New Study Examines Role of Coastal Wetlands In Addressing Climate Change

USGS Scientist samples water in Mashpee wetlands. Photographic credit: Sandra Brosnahan, USGS

WELLFLEET – A recently study led by the U.S. Geological Survey has provided valuable insights regarding the role of coastal wetlands in mitigating climate change.

The study examined the impact of infrastructure such as dams, dikes and roadways on coastal wetlands by examining impacted and unaffected areas in Herring River in Wellfleet and Sage Lot Pond in Mashpee and found that human development was connected to higher methane levels and lower salinity in coastal environments.

The findings indicate that methane emissions are significantly lower in wetlands with higher salinity and those unaffected by coastal hydrology management.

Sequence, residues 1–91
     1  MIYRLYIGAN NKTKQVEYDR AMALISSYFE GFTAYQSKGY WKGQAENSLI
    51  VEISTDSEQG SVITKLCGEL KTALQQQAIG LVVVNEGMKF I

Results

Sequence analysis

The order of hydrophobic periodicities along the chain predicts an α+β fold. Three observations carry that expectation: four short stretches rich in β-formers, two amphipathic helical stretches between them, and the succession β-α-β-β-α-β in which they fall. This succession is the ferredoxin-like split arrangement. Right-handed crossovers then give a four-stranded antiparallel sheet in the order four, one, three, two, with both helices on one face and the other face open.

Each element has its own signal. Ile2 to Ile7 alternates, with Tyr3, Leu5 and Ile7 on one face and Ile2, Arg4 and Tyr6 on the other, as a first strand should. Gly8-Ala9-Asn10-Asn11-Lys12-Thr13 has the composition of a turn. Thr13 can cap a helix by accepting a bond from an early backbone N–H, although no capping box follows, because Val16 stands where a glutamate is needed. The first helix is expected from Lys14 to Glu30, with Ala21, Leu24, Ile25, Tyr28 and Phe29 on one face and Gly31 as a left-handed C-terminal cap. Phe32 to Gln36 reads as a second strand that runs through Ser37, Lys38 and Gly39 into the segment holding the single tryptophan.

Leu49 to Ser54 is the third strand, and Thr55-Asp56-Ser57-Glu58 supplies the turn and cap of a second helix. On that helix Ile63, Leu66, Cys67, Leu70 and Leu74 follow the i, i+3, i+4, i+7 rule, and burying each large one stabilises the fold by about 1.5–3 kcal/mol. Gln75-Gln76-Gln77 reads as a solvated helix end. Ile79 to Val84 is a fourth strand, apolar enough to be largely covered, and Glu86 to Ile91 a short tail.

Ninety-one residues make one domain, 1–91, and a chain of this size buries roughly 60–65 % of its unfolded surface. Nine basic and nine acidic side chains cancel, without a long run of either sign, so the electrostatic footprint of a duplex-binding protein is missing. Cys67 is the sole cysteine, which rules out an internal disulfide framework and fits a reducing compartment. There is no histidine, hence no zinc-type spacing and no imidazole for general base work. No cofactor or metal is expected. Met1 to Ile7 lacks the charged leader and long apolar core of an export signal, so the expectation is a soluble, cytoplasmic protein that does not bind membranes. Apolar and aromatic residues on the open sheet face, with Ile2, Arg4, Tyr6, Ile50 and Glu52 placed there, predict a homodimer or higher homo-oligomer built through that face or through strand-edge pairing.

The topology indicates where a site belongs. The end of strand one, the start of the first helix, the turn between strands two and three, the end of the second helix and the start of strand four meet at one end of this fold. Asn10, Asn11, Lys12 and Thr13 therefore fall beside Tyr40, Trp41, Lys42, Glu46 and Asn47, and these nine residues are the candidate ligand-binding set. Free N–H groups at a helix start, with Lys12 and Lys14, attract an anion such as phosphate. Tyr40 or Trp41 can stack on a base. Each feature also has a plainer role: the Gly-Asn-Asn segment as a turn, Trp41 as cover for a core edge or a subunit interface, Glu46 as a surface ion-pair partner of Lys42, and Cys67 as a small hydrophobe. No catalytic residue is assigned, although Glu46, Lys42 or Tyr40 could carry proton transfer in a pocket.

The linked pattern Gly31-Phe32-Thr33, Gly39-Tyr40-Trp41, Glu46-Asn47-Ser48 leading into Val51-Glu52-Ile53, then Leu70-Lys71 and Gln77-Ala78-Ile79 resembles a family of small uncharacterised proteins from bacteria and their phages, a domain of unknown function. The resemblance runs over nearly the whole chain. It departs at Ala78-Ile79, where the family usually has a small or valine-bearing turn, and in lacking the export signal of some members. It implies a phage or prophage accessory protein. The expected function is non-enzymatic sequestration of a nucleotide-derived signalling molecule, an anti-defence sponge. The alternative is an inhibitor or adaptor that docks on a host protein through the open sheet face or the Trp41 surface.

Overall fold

Scientists involved with the project suggested that restoring higher salinity levels in affected wetlands could reduce the amount of methane released, with positive effects on reducing greenhouse gasses and mitigating climate change.

Due to regular inundation with sulfate-rich seawater, coastal wetlands are effective carbon stores, as the lengthy period of time it takes for plants to decompose within them greatly reduces the rate at which carbon dioxide and methane are released into the atmosphere.

Human infrastructure, which impacts approximately 25% of all coastal tidal wetlands, can reduce the flow of saltwater and create an imbalance of fresh water.

Though it is unclear how much wetlands can be restored to natural conditions, scientists with the study hope that it can aid and inform coastal tidal restorations and coastal development decisions as scientists nationwide pursue comprehensive strategies to address climate change.

The study, conducted with the Marine Biological Laboratory and Chinese Academy of Sciences, was published in a recent edition of Coastal Change Biology.

To read the study, click here.

By, Matthew Tomlinson, NewsCenter

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